Autobiography · Poems

Her Wedding Day

Alone, she shops for her rented dress
Among froths of giggling girls
Sisters and friends
Mothers and daughters
‘Jenny, you look gorgeous!’
Rick’ll love that!’

She stands on a box in the too-long gown
The best she can afford
Wondering if it’s okay
No friend to ask
In the strange northern town.
No doting mother
To praise and admire
Just a shop assistant
Busy with the loved girls.

On her wedding day
She wakes alone
She bathes alone
She dresses alone
Does her hair as usual
With the old wooden brush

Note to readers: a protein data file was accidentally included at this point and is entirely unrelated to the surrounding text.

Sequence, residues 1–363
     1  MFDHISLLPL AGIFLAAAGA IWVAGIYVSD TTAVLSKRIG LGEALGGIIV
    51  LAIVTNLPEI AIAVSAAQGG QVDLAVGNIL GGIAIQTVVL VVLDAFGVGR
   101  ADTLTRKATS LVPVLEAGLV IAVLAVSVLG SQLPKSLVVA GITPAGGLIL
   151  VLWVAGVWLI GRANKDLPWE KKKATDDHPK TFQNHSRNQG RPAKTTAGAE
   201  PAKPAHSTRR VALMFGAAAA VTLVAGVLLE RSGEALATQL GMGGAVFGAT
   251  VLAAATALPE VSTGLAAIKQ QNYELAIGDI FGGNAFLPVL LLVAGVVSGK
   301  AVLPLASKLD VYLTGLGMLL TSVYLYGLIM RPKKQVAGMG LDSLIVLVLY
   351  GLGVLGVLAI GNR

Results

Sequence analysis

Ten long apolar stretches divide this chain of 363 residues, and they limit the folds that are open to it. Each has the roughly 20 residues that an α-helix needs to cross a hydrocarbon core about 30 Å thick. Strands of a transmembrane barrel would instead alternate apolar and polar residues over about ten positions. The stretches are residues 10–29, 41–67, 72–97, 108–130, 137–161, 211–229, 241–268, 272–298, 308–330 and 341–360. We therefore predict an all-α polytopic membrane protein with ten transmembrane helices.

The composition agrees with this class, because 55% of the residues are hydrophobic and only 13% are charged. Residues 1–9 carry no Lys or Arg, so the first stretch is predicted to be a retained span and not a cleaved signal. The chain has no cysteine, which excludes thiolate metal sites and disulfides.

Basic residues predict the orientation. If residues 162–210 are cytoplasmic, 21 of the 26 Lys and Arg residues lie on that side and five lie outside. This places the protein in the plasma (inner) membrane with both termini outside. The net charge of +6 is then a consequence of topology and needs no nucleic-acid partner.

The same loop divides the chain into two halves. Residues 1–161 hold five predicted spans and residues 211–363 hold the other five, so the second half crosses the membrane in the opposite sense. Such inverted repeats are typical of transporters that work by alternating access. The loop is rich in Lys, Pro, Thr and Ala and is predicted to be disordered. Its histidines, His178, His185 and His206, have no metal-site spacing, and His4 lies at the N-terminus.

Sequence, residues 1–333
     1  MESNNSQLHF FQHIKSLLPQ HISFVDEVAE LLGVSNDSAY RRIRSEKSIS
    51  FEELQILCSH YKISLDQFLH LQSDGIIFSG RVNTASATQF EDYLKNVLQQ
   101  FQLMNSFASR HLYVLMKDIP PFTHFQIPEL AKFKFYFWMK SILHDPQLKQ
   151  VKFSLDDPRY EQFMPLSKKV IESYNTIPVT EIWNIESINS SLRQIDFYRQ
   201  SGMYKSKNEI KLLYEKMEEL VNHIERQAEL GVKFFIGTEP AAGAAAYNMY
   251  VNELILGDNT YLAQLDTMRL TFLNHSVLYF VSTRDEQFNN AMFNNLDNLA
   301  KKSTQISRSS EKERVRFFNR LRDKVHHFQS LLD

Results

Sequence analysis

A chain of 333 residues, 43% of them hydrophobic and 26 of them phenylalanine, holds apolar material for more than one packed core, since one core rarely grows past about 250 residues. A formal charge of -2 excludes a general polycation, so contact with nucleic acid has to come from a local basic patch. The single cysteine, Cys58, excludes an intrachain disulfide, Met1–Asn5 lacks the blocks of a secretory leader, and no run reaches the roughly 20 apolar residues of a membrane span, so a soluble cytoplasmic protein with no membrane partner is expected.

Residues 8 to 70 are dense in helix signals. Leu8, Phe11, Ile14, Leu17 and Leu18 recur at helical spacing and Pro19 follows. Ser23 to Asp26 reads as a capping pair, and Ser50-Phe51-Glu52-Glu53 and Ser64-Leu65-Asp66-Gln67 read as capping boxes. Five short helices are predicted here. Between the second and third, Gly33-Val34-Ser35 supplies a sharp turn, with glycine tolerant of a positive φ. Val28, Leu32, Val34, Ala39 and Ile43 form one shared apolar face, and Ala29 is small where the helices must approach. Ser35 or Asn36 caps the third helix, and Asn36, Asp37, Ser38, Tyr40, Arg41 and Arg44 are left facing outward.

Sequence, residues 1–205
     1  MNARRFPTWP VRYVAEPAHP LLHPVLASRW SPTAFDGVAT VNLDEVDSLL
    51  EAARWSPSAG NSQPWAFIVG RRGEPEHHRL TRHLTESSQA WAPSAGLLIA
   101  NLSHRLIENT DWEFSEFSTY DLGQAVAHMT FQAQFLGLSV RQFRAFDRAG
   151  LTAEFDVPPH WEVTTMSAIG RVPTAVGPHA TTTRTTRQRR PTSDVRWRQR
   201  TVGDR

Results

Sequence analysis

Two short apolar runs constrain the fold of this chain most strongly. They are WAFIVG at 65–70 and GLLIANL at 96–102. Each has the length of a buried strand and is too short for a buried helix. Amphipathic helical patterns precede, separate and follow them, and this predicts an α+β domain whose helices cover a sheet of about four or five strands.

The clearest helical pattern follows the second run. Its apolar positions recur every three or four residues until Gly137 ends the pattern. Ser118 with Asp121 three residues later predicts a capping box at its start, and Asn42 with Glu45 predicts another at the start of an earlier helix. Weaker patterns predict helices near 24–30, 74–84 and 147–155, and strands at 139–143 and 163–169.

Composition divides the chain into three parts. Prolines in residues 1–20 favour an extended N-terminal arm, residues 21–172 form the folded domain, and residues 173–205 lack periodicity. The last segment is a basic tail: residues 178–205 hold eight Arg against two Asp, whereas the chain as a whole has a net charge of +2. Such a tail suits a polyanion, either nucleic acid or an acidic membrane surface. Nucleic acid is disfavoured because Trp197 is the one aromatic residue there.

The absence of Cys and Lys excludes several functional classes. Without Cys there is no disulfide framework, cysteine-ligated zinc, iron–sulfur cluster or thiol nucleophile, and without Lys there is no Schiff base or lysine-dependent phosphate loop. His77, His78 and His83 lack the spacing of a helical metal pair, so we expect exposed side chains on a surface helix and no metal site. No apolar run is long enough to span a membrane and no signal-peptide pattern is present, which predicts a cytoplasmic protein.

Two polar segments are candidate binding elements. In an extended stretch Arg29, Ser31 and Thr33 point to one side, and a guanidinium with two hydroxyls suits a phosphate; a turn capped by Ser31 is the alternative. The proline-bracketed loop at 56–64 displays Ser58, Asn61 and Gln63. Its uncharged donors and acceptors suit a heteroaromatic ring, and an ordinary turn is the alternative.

Dabs on the scent her father bought her
Before he died.

As she leaves the house
Boys in the street mock, sing-song,
‘Here comes the bride! Three feet wide!’

Early, she asks the driver to wait
By the park.
A couple love, lightly,
In the soft shade
She on his lap, laughing.

Finally, the church
Blood red Norman stone
Organ fluting
Incense curling
Flowers wilting
She treads on the dead
To reach him
Rigid in his sharp suit
His back to her
  His back to her
    His back to her
      Until she stands at the altar
        And is acknowledged
          With a nod.




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